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Logan county was created by act of Assembly, passed January 12, 1824, from parts of Giles, Tazewell, Cabell and
Kanawha, and derived its name from Logan, the famous Mingo chieftain.
The original boundaries
were: "Beginning at the junction of the White Oak mountain and New river, proceeding with the meanderings
thereof until it meets the line of Kanawha county; thence with the lines thereof taking the dividing ridge between
the Big and Little Cole rivers, until it comes on a line with the head of Rock creek; thence down the same to its
mouth; thence crossing Little Cole, proceeding with the dividing ridge between Turtle and Horse creek to the head
of Ugly creek; thence down the same to its mouth, crossing the Guyandotte, in a straight line to the mouth of Narrowbone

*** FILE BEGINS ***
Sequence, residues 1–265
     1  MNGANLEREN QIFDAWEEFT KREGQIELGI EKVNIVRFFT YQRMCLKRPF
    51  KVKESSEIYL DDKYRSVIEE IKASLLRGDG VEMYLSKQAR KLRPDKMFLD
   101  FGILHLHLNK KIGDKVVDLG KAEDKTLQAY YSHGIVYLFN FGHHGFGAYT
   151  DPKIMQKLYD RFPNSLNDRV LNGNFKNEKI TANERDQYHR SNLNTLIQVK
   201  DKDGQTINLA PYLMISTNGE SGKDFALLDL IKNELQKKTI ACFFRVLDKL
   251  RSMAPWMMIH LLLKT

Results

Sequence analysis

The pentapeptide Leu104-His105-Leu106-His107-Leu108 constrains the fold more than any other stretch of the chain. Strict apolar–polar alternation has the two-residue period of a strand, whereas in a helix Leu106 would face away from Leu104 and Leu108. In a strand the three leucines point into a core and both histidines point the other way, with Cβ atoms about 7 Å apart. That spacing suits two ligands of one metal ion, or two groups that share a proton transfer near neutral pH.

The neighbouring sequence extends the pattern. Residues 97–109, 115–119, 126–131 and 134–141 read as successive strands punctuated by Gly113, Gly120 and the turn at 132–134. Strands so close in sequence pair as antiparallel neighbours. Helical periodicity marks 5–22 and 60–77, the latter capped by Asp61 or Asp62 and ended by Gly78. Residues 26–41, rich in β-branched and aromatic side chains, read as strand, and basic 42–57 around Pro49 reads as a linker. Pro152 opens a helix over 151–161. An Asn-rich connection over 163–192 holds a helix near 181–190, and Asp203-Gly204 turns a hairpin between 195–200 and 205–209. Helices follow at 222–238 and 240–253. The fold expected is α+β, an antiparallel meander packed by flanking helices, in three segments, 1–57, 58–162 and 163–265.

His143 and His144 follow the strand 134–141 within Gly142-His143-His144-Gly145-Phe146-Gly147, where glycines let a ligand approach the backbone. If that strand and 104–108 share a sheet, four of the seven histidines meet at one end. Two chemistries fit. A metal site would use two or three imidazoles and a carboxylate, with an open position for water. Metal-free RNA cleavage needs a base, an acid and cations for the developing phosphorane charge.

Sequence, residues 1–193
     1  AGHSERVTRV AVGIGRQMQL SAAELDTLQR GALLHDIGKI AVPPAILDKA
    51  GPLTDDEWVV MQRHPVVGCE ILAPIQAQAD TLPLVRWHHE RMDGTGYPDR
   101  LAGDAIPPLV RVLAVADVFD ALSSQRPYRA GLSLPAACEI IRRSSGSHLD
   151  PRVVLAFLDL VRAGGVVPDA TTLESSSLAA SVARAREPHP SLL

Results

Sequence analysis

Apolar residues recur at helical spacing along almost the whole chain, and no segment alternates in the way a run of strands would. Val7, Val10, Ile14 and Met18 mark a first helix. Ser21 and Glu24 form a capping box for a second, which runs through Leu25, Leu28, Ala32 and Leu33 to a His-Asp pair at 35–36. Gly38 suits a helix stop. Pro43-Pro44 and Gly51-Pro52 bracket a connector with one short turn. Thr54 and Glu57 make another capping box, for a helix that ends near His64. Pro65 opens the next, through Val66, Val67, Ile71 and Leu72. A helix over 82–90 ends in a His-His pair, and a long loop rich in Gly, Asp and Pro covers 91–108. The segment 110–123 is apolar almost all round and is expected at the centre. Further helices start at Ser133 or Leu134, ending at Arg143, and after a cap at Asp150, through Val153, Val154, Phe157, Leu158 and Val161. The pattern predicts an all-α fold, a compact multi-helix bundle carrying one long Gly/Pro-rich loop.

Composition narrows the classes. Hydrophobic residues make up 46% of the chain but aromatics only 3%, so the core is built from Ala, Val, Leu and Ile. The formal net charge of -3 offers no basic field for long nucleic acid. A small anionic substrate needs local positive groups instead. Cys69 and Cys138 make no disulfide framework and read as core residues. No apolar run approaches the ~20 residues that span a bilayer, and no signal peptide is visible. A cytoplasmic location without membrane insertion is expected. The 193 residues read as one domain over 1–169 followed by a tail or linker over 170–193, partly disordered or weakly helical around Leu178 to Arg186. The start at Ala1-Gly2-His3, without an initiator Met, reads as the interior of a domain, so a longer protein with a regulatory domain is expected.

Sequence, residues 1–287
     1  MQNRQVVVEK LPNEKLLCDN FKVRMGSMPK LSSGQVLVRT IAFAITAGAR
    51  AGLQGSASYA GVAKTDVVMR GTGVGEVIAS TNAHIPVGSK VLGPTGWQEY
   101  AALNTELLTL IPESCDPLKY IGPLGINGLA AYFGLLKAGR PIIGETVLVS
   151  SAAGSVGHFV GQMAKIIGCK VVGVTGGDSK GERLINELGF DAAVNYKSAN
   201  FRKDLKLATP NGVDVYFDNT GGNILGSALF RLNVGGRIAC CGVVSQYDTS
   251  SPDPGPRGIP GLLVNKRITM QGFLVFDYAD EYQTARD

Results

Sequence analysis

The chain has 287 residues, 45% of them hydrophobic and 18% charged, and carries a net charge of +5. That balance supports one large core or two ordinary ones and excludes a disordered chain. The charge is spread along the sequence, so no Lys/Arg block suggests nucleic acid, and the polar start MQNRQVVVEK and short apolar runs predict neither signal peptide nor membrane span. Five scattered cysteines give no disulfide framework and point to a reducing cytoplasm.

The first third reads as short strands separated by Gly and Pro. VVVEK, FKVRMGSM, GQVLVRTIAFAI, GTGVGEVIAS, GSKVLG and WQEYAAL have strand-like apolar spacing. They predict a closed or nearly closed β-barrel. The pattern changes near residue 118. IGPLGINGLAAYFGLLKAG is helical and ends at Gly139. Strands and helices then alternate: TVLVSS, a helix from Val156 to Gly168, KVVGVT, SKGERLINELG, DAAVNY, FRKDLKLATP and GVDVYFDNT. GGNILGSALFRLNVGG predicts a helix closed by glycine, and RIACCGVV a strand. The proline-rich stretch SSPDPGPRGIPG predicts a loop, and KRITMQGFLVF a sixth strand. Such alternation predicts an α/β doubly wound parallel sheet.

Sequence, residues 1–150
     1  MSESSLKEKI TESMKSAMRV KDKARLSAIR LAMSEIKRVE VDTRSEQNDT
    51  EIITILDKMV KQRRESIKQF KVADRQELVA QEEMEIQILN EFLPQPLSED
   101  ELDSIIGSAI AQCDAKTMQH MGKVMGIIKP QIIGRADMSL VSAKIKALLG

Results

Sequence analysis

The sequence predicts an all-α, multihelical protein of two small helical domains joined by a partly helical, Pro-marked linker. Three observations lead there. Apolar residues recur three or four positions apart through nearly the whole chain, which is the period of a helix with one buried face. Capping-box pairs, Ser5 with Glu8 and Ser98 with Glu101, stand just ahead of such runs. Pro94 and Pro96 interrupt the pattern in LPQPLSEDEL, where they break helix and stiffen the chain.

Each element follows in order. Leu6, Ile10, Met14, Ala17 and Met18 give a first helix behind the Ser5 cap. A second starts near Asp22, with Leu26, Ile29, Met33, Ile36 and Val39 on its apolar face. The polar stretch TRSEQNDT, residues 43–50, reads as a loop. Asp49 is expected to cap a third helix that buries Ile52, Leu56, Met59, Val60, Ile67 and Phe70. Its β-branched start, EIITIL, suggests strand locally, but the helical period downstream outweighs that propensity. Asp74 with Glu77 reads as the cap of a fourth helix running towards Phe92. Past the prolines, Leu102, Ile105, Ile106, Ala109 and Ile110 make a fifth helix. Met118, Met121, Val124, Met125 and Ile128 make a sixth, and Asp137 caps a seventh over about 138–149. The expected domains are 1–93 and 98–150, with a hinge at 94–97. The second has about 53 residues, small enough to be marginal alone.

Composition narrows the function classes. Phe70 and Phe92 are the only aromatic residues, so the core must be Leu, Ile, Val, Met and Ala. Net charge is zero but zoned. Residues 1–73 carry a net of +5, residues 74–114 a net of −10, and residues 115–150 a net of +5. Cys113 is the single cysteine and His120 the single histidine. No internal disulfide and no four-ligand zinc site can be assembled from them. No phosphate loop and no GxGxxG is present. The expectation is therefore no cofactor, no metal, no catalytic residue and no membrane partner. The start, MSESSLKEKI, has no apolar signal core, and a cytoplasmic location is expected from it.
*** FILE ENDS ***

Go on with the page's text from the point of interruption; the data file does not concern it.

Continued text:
creek; thence up the Tug Fork of Big Sandy river to the mouth of Elkhorn creek; thence proceeding with the dividing
ridge between Elkhorn creek and the Tug Fork, and so on a line with the Flat Top mountains to the beginning."
The commissioners named
in the act to locate the seat of justice for the county, were William Buffington, of Cabell; William Thompson,
Jr., of Tazewell; Charles Hale, of Giles; Samuel Shrewsbury, of Kanawha, and Conrad Peters and John Taylor, of
Montgomery. They performed the work, and the village of Lawnsville, or Logan Court House, was laid out in 1827.
Tug River forms the southwestern boundary of the county. The origin
of the name is explained in Part I of this work, under the head of the "Big Sandy Expedition," which
passed through this county.
[Source: "History of West Virginia"; By Virgil
Anson Lewis; publ. 1887; Pg. 656; Transcribed
by Andrea Stawski Pack]
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